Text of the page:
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Old Bones - Background to the Book

People often ask writers where the original ideas for their books come from. Like most, I’d answer: ‘Various places - it depends on the particular book.’ Also, a book can ‘start’ at various points. Sometimes what you get is a beginning without an ending, sometimes it’s vice versa or both, or a discrete scene from the middle; sometimes it’s an abstract idea, a scam or a particular character. In the case of Old Bones the trigger was twofold. First came the title, which I wanted to use before it took on any connotations whatsoever with respect to a plot. I’d used the sentence ‘Old age, old crimes; Livia’ at the start of Germanicus, but in retrospect I misremembered the first phrase as ‘Old bones’, and I liked the musty, seedy, disreputable sound of it. If I’d been able to rename Ovid, I would’ve called it Old Bones. As it was, what I had was a title looking for a book.

The second trigger was a vivid mental picture of Priscus - Corvinus’s antiquities-nut stepfather - in an Etruscan tomb. He’s been there several hours, doing whatever Priscus does in tombs, and he’s just finished; at which point he realises that since he came in he’s been absent-mindedly stepping back and forwards over the very modern corpse of a man lying spreadeagled on the floor with an obvious knife in his back. The look of horror on Priscus’s face kept me chuckling for days before I thought in terms of what was going on. Not that that’s how the book actually starts, mind, although tombs are very much involved and Priscus does find himself - and is found to be - standing over a knifed corpse holding the knife. (Incidentally, if you read the story in hardback look at the jacket blurb. I am not responsible for the sentence: ‘But he did discover the corpse, and left his fingerprints all over the murder weapon...’ I thought I’d nailed that one before publication with a frantic phone call to Hodder, steam coming out of my ears, but evidently I hadn’t. It’s one of the very, very few examples of my publisher cocking up, although at the time I’d gladly have strangled the perpetrator, whoever they were, with my bare hands).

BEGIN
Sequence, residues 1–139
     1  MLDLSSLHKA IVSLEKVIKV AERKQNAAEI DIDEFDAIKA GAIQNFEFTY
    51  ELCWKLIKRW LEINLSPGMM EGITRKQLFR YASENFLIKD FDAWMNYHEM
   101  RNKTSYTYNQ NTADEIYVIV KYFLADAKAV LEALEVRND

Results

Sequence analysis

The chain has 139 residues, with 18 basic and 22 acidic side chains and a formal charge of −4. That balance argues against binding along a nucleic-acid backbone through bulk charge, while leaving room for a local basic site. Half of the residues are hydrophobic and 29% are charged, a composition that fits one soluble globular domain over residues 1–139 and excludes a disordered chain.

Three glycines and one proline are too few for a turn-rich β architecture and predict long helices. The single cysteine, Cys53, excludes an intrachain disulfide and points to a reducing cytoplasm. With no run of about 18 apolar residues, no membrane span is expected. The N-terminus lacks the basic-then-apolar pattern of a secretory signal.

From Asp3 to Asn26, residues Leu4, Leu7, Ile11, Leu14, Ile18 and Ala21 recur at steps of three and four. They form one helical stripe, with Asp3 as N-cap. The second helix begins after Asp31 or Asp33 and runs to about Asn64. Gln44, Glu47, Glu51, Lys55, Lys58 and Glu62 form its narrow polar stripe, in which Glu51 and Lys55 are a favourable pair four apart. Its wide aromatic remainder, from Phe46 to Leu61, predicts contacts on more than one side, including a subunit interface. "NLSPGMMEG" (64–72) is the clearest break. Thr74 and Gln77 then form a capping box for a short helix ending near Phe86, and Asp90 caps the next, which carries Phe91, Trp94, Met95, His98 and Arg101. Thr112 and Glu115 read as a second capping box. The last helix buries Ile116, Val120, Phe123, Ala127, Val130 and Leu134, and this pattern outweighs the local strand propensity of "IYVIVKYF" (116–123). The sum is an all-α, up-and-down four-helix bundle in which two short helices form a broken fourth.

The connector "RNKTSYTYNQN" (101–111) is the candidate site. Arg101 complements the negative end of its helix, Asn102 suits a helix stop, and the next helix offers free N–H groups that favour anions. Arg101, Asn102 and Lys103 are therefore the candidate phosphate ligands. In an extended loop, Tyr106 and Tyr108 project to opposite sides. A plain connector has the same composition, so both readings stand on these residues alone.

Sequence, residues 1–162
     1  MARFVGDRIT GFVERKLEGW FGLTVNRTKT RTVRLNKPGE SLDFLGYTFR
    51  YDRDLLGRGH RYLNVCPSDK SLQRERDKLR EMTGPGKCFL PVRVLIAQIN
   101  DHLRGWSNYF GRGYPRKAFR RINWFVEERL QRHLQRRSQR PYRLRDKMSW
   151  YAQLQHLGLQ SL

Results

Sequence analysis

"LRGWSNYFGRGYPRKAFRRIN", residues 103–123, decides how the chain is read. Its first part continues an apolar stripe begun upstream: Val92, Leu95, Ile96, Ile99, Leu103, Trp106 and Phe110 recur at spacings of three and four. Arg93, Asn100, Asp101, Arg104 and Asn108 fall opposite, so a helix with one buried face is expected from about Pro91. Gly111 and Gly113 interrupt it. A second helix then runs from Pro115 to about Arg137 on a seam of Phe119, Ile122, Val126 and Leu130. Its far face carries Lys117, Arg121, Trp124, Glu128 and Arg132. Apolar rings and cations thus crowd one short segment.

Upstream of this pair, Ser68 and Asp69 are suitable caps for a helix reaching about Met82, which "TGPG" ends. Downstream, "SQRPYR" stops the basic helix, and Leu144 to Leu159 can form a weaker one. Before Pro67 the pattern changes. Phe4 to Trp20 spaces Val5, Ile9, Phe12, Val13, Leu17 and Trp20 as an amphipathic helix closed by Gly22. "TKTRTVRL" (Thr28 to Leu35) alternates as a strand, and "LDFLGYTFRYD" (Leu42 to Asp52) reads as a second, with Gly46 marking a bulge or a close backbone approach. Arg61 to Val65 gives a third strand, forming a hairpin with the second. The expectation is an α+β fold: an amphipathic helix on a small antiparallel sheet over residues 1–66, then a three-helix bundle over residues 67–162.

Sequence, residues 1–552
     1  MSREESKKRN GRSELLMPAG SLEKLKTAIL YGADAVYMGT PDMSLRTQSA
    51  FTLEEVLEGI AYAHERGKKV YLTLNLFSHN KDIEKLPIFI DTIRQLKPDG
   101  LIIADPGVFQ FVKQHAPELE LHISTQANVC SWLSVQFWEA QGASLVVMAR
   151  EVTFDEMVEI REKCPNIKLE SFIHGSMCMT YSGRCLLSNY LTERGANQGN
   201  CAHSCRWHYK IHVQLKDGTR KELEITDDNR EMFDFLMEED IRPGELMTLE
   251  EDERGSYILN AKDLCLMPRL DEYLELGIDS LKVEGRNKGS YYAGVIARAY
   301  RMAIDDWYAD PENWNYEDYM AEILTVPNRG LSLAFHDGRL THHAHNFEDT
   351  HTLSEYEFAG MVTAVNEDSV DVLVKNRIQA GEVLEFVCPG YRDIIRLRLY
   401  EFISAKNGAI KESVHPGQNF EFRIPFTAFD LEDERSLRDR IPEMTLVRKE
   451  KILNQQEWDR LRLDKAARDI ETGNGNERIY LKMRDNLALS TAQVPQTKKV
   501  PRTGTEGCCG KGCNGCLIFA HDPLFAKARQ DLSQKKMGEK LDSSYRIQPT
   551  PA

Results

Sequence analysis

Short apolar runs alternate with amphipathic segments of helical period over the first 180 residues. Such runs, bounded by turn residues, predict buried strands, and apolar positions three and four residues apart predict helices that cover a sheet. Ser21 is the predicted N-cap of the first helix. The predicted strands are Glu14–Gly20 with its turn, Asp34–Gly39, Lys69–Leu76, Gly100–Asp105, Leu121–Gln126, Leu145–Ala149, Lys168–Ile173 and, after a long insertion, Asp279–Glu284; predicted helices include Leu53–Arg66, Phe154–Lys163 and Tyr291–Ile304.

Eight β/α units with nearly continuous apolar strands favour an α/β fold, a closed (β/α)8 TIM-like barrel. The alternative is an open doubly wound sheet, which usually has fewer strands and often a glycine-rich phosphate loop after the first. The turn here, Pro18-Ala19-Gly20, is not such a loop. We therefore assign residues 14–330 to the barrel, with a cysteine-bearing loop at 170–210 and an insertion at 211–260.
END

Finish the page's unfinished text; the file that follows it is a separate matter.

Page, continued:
There was a third trigger to the story, one of the ‘real’ historical links I try to make use of in every book where possible, but I won’t give you that in case you want to read the thing and I spoil the ending for you. I’m quite proud of that one, especially since - at the time of planning the book - I didn’t know that there was a link.

I do hope you enjoy Old Bones if you read it (or enjoyed it if you’ve read it already): it was certainly a book I very much enjoyed writing, especially after The Horse Coin. And the look on Priscus’s face still has me chuckling.

David Wishart (May 2006)

read the 1st chapter

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